The init() and destroy() pair can accomplish this. Example 3-4 further extends the InitCounter example, giving the servlet the ability to save its state in destroy() and load the state again in init(). To keep things simple, assume this servlet is not registered and is accessed only as http://server:port/servlet/InitDestroyCounter. If it were registered under different names, it would have to save a separate state for each name.

Example 3-4. A fully persistent counter

import java.io.*;
import javax.servlet.*;
import javax.servlet.http.*;

public class InitDestroyCounter extends HttpServlet {

  int count;

  public void init(ServletConfig config) throws ServletException {
    // Always call super.init(config) first  (servlet mantra #1)
    super.init(config);

    // Try to load the initial count from our saved persistent state
    try {
      FileReader fileReader = new FileReader("InitDestroyCounter.initial");
      BufferedReader bufferedReader = new BufferedReader(fileReader);
      String initial = bufferedReader.readLine();
      count = Integer.parseInt(initial);
      return;
    }
    catch (FileNotFoundException ignored) { }  // no saved state
    catch (IOException ignored) { }            // problem during read
    catch (NumberFormatException ignored) { }  // corrupt saved state

    // No luck with the saved state, check for an init parameter
    String initial = getInitParameter("initial");
    try {
      count = Integer.parseInt(initial);
      return;
    }
    catch (NumberFormatException ignored) { }  // null or non-integer value

    // Default to an initial count of "0"
    count = 0;
  }

  public void doGet(HttpServletRequest req, HttpServletResponse res) 
                               throws ServletException, IOException {
    res.setContentType("text/plain");
    PrintWriter out = res.getWriter();
    count++;
    out.println("Since the beginning, this servlet has been accessed " +
                count + " times.");
  }

  public void destroy() {
    saveState();
  }

  public void saveState() {
    // Try to save the accumulated count
    try {
      FileWriter fileWriter = new FileWriter("InitDestroyCounter.initial");
      String initial = Integer.toString(count);
      fileWriter.write(initial, 0, initial.length());
      fileWriter.close();
      return;
    }
    catch (IOException e) {  // problem during write
      // Log the exception. See Chapter 5, "Sending HTML Information".
    }
  }
}

Each time this servlet is about to be unloaded, it saves its state in a file named InitDestroyCounter.initial. In the absence of a supplied path, the file is saved in the server process' current directory, usually the server_root.[4] This file contains a single integer, saved as a string, that represents the latest count.

[4] The exact location of the current user directory can be found using System.getProperty("user.dir").

Each time the servlet is loaded, it tries to read the saved count from the file. If, for some reason, the read fails (as it does the first time the servlet runs because the file doesn't yet exist), the servlet checks if an init parameter specifies the starting count. If that too fails, it starts fresh with zero. You can never be too careful in init() methods.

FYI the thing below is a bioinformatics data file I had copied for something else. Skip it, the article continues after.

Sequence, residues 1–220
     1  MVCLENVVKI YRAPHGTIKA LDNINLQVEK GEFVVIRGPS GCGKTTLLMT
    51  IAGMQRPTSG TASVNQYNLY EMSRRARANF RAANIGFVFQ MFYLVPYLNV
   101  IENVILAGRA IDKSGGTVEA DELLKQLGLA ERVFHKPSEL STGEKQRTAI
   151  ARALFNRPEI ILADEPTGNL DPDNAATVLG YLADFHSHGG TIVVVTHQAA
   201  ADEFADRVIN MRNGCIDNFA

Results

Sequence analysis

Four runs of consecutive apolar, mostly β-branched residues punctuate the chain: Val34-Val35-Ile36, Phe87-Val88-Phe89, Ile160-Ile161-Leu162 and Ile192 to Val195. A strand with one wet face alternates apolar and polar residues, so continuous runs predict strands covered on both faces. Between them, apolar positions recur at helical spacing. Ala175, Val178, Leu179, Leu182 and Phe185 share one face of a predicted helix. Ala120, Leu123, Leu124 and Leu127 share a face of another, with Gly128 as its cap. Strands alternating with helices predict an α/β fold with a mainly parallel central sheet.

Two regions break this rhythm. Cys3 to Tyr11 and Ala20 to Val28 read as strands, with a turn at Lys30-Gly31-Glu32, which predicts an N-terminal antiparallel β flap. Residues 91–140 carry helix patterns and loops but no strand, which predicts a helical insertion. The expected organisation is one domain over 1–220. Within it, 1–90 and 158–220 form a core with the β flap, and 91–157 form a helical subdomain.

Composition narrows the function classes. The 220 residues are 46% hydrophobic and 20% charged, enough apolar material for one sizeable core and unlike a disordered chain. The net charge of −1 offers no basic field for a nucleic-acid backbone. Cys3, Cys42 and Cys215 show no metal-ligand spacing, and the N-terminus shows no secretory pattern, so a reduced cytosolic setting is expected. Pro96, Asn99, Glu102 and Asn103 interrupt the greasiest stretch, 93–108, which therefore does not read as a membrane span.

Servlets can save their state in many different ways. Some may use a custom file format, as was done here. Others may save their state as serialized Java objects or put it into a database. Some may even perform journaling, a technique common to databases and tape backups, where the servlet's full state is saved infrequently while a journal file stores incremental updates as things change. Which method a servlet should use depends on the situation. In any case, you should always be watchful that the state being saved isn't undergoing any change in the background.

Right now you're probably asking yourself "What happens if the server crashes?" It's a good question. The answer is that the destroy() method will not be called.[5] This doesn't cause a problem for destroy() methods that only have to free resources; a rebooted server does that job just as well (if not better). But it does cause a problem for a servlet that needs to save its state in its destroy() method. For these servlets, the only guaranteed solution is to save state more often. A servlet may choose to save its state after handling each request, such as a "chess server" servlet should do, so that even if the server is restarted, the game can resume with the latest board position. Other servlets may need to save state only after some important value has changed--a "shopping cart" servlet needs to save its state only when a customer adds or removes an item from her cart. Last, for some servlets, it's fine to lose a bit of the recent state changes. These servlets can save state after some set number of requests. For example, in our InitDestroyCounter example, it should be satisfactory to save state every 10 accesses. To implement this, we can add the following line at the end of doGet():

[5] Unless you're so unlucky that your server crashes while in the destroy() method. In that case, you may be left with a partially-written state file--garbage written on top of your previous state. To be perfectly safe, a servlet should save its state to a temporary file and then copy that file on top of the official state file in one command.

if (count % 10 == 0) saveState();

Does this addition make you cringe? It should. Think about synchronization issues. We've opened up the possibility for data loss if saveState() is executed by two threads at the same time and the possibility for saveState() not to be called at all if count is incremented by several threads in a row before the check. Note that this possibility did not exist when saveState() was called only from the destroy() method: the destroy() method is called just once per servlet instance. Now that saveState() is called in the doGet() method, however, we need to reconsider. If by some chance this servlet is accessed so frequently that it has more than 10 concurrently executing threads, it's likely that two servlets (10 requests apart) will be in saveState() at the same time. This may result in a corrupted data file. It's also possible the two threads will increment count before either thread notices it was time to call saveState(). The fix is easy: move the count check into the synchronized block where count is incremented:

  int local_count;
  synchronized(this) {
    local_count = ++count;
    if (count % 10 == 0) saveState();
  }
  out.println("Since loading, this servlet has been accessed " +
              local_count + " times.");

The moral of the story is harder: always be vigilant to protect servlet code from multithreaded access problems.

Even though this series of counter examples demonstrates the servlet life cycle, the counters themselves aren't particularly useful because they count only the number of times they themselves have been accessed. You can find two truly useful counters--that count accesses to other pages--in the next chapter.



Library Navigation Links

Copyright © 2001 O'Reilly & Associates. All rights reserved.